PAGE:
“The Shoah (Holocaust) did not begin with Auschwitz. It began with words, it began with society staying silent and looking away,” she said. “It pains me when schoolchildren are again afraid of going to school just because they are Jews; it pains me when my great-grandchildren still have to be protected by police officers with machine guns just because they are Jews.”

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Szepesi also decried the strengthening of the far right in Germany, where recent national polls showed the far-right Alternative for Germany (AfD) party in second place with support of around 20%. A recent news report said some party members attended a recent meeting where right-wing extremists discussed deporting millions of immigrants and people with immigrant roots, including some with German citizenship.

 

The railway tracks where hundred thousands of people arrived to be directed to the gas chambers inside the former Nazi death camp of Auschwitz Birkenau, December 7, 2019. (AP Photo/Markus Schreiber, file)

“It appalls me that right-wing extremist parties are again being voted for,” Szepesi said. “They must not become so strong that our democracy is endangered.”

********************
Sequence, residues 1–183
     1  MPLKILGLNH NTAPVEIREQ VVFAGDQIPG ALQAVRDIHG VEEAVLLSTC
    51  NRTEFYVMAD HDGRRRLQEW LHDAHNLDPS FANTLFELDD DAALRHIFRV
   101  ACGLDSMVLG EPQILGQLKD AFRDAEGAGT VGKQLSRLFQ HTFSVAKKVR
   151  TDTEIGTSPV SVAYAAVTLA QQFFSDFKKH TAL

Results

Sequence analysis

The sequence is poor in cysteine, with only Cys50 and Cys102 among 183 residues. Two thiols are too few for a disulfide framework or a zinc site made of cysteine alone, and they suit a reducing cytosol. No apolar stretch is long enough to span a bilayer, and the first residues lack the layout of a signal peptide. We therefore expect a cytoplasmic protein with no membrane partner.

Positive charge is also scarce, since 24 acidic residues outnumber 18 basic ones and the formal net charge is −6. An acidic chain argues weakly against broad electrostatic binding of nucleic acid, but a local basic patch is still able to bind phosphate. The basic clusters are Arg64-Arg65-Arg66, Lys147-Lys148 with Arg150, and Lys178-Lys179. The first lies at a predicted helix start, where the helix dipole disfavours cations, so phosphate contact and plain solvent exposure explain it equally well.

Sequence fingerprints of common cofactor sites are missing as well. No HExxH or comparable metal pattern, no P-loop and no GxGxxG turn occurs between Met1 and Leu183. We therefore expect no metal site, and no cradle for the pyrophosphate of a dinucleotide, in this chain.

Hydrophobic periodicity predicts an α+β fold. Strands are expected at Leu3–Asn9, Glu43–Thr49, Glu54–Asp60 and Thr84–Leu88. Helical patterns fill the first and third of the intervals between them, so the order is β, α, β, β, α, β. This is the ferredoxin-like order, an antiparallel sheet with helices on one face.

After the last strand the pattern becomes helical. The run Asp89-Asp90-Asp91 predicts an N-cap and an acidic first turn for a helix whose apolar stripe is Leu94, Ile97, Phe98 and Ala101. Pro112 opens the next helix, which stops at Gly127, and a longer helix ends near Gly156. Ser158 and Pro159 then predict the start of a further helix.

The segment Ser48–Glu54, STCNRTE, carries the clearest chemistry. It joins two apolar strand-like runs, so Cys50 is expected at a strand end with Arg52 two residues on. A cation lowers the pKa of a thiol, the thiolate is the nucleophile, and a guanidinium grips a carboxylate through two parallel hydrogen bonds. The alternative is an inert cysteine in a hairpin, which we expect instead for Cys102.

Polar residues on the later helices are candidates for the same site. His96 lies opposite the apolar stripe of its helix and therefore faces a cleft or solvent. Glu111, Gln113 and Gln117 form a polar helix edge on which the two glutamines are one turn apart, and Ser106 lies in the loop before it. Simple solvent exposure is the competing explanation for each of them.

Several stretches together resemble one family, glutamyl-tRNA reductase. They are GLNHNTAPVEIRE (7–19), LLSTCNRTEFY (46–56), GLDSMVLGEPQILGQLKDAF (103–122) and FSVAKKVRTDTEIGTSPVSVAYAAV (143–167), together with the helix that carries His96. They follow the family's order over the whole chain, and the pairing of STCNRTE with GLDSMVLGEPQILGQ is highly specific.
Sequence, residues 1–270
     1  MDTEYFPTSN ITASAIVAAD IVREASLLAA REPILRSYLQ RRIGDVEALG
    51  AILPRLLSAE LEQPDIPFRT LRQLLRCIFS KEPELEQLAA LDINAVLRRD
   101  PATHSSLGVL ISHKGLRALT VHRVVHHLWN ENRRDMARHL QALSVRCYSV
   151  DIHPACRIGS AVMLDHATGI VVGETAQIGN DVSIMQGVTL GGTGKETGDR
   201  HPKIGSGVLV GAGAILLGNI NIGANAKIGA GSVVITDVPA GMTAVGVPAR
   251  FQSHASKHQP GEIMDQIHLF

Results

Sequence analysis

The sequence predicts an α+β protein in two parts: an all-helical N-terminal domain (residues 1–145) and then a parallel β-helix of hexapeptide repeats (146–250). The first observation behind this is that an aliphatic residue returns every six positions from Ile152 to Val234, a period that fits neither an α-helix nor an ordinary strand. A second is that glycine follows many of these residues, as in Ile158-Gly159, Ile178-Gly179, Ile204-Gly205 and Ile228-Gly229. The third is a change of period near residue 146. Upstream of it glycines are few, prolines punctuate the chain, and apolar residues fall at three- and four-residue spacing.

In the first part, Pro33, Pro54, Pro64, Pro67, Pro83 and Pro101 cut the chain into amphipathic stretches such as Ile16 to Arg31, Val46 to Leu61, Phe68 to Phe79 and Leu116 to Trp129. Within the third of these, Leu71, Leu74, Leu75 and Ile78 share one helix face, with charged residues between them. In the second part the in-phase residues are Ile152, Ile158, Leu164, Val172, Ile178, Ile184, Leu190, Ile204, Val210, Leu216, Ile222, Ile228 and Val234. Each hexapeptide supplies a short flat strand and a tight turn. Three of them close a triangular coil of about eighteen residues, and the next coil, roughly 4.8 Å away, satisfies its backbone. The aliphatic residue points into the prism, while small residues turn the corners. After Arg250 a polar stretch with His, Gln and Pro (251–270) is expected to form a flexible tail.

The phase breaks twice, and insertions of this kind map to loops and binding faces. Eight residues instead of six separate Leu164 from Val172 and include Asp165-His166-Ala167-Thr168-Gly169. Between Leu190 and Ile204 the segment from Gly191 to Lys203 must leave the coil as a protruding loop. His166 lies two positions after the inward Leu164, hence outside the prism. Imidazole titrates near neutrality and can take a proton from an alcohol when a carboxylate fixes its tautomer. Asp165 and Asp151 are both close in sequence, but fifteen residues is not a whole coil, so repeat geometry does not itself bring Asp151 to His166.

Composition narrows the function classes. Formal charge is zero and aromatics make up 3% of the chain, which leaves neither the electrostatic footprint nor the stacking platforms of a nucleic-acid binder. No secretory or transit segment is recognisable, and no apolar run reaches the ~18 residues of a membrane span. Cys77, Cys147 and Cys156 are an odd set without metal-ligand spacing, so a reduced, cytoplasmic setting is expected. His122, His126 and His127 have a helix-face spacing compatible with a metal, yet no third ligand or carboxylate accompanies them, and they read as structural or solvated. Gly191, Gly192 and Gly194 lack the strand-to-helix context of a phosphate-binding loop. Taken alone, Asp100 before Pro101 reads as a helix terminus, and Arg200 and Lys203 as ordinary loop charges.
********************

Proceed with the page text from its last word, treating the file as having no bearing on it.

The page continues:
Hundreds of thousands of German citizens attended protests against the far right this month.

“It’s great that so many people have taken to the streets in recent weeks to demonstrate against right-wing extremists,” Szepesi told parliament. “But I would like these demonstrators also to object loudly among acquaintances and at the workplace when inhuman and antisemitic comments are made.”

Meeting with European Commissioner for Education on Anti-Semitism

The EJA and our partners at Action and Protection Hungary Mr Kalman Szalai and Mr Ferenc Olti, were honored to have a meeting with European Commissioner for Education Navracsics Tibor and Ms Katharina Schnurbein, European Coordinator on combating antisemitism, on countering antisemitism through education.
Mr Ferenc Olti initiated and ran a successful project in Hungary, positively influencing the national curriculum and teaching children about Judaism and the important role played by Jews in Hungarian society.
As the EU wrestles with the challenge of rising antisemitism across the continent, we are working closely with the Commission with a view to setting up pilot education projects based on the Hungarian model in several European countries. We will keep you posted as this important initiative moves ahead in coming weeks.
 

President of Montenegro Blessings for Rosh HaShanah

The EJA warmly thanks H.E. Milo Đukanović, President of Montenegro, for His Excellency’s kind wishes to the European Jewry in light of the upcoming holiday of Rosh Hashanah